3 takeaways from Jon Huntsman’s nomination as ambassador to Russia
Jon Huntsman — former Utah governor and presidential candidate, two-time ambassador, dude who “gave away our country to China” — was announced Tuesday as President Donald Trump’s nominee to be ambassador to Russia.
Here’s what to know about Huntsman’s appointment — and what to watch for going forward.
He’s an experienced pick ...
Huntsman reportedly accepted the post back in March, but was not formally nominated for the role until now because the United States was waiting on the Kremlin to approve of his ambassadorship. The Washington Post reported that Huntsman was approved by Moscow around the same time the U.S. approved Russian politician Anatoly Antonov as Russia’s ambassador in Washington.
Huntsman is an experienced diplomat.
Currently chairman of the Atlantic Council, a foreign policy think tank, the moderate Republican served as ambassador to Singapore under George H.W. Bush and as ambassador to China under Barack Obama.
... but not necessarily on Russian matters
Huntsman is regarded as an expert on China, but has “no special expertise” in Russia, according to the New York Times.
Though he has business interests in Russia via the Huntsman Corporation, Ford and Caterpillar, he is regarded as inexperienced in the country.
Huntsman — who speaks Mandarin — reportedly does not speak any Russian and has made few public comments on matters relating to Russia. That could make him a potential liability as he heads up the U.S. embassy in the country.
Kremlin’s election meddling a dark cloud over Huntsman
Russia’s interference in the 2016 U.S. election — and the possibility of collusion with the Trump campaign — will loom large and dark over Huntsman’s confirmation hearing and his potential ambassadorship.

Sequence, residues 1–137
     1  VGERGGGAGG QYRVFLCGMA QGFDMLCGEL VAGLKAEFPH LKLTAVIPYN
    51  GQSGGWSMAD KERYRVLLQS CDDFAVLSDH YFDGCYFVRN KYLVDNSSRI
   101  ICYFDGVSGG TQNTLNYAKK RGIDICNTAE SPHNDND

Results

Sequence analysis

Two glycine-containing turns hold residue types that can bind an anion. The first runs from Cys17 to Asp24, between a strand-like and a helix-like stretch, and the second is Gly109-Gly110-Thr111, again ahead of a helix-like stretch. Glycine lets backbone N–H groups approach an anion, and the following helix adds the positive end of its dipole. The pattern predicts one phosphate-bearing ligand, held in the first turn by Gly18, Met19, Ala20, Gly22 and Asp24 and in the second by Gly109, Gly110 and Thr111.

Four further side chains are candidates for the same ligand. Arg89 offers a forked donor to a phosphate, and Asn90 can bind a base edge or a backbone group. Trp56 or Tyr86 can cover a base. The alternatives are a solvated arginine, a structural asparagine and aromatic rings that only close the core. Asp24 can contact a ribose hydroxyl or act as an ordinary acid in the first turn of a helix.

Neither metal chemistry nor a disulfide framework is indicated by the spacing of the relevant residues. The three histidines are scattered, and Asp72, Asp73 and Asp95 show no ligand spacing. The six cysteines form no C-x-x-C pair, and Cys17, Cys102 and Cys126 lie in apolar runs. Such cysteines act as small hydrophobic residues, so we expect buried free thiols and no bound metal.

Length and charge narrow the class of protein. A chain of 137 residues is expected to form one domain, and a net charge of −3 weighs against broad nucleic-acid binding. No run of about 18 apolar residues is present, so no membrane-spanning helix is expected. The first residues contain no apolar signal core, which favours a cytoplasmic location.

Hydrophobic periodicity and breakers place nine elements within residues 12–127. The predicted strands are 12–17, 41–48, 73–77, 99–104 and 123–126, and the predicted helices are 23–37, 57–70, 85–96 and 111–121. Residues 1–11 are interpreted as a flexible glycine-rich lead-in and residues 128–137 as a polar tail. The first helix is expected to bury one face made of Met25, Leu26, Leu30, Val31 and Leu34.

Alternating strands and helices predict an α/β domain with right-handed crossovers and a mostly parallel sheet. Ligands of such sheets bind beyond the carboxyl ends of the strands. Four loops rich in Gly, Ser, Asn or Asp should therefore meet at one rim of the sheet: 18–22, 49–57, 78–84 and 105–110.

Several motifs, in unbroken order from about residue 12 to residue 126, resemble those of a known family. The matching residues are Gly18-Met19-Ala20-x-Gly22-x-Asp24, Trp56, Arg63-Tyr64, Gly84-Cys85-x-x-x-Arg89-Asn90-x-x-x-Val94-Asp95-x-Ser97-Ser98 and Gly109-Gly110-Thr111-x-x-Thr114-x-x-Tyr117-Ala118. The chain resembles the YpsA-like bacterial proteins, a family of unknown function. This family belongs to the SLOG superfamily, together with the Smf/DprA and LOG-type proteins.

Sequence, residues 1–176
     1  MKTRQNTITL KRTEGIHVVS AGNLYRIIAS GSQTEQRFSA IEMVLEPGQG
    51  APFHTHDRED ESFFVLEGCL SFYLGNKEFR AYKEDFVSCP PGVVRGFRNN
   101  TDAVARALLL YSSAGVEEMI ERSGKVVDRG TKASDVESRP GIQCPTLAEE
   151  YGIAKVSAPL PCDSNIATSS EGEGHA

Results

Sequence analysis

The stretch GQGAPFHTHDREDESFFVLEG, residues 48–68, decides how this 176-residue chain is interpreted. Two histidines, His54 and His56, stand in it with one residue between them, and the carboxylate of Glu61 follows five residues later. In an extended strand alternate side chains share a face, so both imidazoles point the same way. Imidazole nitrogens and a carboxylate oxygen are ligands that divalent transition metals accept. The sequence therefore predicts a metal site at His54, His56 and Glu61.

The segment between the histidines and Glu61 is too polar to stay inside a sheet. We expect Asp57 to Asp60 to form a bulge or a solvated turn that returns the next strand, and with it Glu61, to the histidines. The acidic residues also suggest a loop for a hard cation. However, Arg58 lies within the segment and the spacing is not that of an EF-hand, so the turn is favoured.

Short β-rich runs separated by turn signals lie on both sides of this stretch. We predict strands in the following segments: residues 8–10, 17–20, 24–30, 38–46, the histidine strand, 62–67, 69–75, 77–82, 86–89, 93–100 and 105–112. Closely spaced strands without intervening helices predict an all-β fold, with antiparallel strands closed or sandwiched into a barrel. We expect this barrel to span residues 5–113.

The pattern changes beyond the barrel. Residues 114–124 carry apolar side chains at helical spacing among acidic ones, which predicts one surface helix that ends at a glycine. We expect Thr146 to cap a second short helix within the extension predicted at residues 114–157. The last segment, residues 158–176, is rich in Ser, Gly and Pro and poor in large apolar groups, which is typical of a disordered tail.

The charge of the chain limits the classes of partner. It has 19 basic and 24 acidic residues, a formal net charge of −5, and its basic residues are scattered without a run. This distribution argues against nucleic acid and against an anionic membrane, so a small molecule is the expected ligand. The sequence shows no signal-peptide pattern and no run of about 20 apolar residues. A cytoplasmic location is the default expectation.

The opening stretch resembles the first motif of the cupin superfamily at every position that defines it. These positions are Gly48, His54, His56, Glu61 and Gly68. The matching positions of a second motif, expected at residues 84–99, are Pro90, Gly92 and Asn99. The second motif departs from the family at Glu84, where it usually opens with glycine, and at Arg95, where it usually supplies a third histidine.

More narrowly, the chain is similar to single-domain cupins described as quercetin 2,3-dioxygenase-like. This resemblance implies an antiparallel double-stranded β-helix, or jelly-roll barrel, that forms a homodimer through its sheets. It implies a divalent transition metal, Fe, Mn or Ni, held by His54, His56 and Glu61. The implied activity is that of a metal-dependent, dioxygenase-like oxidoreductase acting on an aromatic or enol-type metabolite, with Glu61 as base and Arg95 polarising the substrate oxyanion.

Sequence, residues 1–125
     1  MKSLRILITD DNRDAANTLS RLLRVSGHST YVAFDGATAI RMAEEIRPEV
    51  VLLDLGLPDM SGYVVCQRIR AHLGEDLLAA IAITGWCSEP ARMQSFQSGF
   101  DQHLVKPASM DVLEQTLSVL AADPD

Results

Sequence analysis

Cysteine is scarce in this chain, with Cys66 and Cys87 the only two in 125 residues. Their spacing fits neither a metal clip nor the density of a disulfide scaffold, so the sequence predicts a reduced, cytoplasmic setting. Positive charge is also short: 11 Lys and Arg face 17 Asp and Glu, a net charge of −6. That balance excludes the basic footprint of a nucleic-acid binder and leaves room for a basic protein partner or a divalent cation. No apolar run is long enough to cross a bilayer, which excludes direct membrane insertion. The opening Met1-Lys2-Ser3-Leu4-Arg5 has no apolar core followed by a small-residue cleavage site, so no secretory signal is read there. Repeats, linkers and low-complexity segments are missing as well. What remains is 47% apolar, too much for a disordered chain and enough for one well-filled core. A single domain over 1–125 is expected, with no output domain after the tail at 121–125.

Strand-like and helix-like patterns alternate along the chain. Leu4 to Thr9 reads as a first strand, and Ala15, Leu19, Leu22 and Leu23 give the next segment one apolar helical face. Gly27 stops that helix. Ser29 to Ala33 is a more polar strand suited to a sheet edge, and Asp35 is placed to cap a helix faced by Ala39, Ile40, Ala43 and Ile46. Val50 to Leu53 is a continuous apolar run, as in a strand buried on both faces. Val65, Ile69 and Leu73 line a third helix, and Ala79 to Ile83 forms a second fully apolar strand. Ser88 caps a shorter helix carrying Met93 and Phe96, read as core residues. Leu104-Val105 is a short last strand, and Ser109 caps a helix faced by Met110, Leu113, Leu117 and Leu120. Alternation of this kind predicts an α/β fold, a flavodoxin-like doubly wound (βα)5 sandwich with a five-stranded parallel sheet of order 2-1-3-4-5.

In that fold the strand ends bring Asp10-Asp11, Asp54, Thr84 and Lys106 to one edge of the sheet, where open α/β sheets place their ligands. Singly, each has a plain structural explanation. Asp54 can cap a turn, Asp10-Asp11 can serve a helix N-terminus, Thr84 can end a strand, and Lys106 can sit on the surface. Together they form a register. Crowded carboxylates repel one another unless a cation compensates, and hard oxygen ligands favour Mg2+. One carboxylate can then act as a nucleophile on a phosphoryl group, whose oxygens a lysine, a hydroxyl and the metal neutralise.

He’ll face questions on his views of the Kremlin and Russian meddling during his hearing, and — if confirmed — will take over the prominent post from ambassador John Tefft as investigations into Trump’s ties to Russia ramp up.
Trump, who has a fraught relationship with the moderate Republican, has dismissed the probes as part of a “witch hunt” and has called for closer ties to Russia — a seismic shift in U.S. policy toward the country and its strongman leader, Vladimir Putin.
Huntsman, on the other hand, “has no love for authoritarianism” and “isn’t afraid to show it,” Politico wrote of his time as ambassador to China.
“Huntsman will carry out the president’s policy in Moscow, as he did in Beijing,” Orville Schell, director of the Center on U.S.-China Relations at the Asia Society, told the publication. “But I think he’s also sort of incapable of not expressing his own views and sentiments.”
But he’s also facing a bear of a task: representing the U.S. in Russia amid high tensions between the two countries, and without much of a road map from the White House.
“It’s an impossible job,” Max Bergmann, a senior fellow on U.S.-Russian policy at the left-leaning Center for American Progress and former John Kerry adviser, told the Salt Lake Tribune in March. “In the case of Russia, there is no unified direction in terms of policy where we have the State Department, the Defense Department in one place, you can count Nikki Haley as U.N. ambassador in there ... Then we have the president who is clearly in a different space of where the relationship in Russia should be.”
“It’s not a job that — while I commend him for stepping up to the challenge — it’s not a job that I think he’s probably going to be able to exercise effectively,” Bergmann said.